Students whose primary interest is in a general sociology major are urged to develop a plan of study with their advisor; they must take three electives in addition to the core courses and major content requirements listed above.  Any sociology course, including courses from any of the three options, may be included in your study plan. The general sociology major prepares students for positions which require a bachelor's degree in one of the social science disciplines, including employment in a variety of government and private-sector agencies, or for a graduate program in sociology. It also provides valuable preparation for related fields such as law, social work, education, counseling, politics, and public administration.

Criminology Option:

Criminology has been an area of study within sociology since the inception of the discipline at the turn of the twentieth century. Contemporary criminology examines the making of laws, the nature and extent of crime, the causes of crime, and society's efforts to control crime through the juvenile and criminal justice systems. The option builds upon the required course work in sociology and allows students to pursue extended study of crime and the criminal justice system. In addition, the option provides opportunity for practical experience in juvenile and criminal justice systems through internship placement. The criminology option prepares students for employment in public and private criminal justice agencies, as well as graduate study in sociology, criminal justice, and law.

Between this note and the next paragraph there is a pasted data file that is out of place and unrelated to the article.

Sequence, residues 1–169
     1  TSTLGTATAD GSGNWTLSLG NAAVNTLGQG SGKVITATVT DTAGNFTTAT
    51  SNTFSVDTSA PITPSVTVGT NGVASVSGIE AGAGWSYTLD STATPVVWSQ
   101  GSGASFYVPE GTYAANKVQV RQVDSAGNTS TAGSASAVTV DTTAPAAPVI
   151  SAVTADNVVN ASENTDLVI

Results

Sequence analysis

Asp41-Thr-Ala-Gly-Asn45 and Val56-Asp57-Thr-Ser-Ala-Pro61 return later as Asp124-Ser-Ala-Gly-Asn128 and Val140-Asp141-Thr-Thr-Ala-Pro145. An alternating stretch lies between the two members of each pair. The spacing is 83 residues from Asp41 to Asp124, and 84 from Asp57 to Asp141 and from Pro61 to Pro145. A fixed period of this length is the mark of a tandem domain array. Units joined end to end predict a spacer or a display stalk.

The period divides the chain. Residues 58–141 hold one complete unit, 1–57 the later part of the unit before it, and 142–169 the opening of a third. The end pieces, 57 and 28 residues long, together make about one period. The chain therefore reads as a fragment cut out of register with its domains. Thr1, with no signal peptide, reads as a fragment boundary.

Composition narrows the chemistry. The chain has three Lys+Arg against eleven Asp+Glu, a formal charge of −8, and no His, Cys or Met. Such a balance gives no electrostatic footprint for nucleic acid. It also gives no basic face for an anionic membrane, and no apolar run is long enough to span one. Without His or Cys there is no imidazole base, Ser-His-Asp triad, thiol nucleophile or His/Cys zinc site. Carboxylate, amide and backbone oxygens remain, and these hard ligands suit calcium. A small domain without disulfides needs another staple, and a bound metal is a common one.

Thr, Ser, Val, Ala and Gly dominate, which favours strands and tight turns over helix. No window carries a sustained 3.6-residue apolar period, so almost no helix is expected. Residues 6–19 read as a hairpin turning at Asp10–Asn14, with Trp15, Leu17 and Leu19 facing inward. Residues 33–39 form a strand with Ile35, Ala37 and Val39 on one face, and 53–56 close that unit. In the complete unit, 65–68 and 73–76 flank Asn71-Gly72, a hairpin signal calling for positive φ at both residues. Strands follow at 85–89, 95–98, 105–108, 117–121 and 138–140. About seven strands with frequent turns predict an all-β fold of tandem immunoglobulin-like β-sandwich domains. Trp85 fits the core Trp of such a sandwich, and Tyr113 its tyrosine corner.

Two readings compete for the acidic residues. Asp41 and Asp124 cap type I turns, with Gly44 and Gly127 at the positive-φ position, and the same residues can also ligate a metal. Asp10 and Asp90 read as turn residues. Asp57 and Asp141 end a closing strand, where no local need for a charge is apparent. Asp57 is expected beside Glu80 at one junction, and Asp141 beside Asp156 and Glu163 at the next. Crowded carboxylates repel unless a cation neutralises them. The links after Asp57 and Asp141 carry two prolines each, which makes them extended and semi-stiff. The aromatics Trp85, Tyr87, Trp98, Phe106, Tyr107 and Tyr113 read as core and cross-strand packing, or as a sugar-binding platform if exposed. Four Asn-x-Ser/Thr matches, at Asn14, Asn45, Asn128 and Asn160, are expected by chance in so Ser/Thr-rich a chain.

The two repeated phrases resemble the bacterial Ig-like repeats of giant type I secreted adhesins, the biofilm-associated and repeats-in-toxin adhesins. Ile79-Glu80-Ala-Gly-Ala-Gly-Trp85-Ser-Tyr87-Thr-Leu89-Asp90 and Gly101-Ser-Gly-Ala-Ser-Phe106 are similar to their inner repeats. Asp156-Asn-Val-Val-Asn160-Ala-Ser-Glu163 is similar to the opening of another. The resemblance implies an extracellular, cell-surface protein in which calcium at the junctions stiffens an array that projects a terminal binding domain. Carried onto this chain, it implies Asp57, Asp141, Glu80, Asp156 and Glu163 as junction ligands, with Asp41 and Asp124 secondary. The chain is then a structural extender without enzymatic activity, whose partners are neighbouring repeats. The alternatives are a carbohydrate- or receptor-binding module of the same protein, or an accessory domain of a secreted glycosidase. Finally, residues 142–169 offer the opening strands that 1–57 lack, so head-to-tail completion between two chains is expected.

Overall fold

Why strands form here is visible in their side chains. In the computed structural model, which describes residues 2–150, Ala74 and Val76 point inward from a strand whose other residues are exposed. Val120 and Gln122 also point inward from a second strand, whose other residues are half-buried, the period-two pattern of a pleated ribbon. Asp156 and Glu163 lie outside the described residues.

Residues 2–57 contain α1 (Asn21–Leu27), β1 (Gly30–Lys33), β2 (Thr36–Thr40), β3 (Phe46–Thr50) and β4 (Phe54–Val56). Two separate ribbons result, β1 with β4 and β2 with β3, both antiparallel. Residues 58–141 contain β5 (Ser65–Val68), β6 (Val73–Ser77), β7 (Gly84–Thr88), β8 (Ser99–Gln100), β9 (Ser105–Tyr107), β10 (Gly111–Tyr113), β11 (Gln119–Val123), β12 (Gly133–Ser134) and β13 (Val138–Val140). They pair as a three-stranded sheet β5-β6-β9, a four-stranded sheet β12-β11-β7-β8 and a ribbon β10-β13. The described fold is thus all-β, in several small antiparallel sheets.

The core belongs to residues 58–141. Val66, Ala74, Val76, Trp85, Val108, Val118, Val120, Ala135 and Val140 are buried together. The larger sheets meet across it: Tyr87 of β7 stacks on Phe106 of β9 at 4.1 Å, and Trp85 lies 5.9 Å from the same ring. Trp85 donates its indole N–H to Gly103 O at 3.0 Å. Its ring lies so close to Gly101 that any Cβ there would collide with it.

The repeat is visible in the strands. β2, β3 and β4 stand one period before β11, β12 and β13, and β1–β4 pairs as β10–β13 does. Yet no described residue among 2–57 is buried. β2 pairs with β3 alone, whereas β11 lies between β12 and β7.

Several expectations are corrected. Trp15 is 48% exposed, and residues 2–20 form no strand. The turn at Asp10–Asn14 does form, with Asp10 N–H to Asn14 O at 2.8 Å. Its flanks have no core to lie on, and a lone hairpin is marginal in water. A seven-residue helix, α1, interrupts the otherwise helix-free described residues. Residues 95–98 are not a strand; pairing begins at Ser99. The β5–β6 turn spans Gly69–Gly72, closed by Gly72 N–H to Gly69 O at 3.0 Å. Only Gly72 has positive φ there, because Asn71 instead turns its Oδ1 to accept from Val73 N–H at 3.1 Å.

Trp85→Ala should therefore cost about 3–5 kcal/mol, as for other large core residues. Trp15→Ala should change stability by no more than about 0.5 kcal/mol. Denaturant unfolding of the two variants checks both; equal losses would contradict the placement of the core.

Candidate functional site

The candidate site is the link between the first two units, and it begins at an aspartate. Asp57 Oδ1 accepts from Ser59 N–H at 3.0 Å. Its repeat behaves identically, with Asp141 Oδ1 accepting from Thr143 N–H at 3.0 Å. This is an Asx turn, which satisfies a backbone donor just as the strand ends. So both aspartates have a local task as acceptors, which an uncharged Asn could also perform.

In addition to courses required of all sociology majors in the core and content areas, students concentrating in criminology must complete the following:

Inequality and Social Justice Option: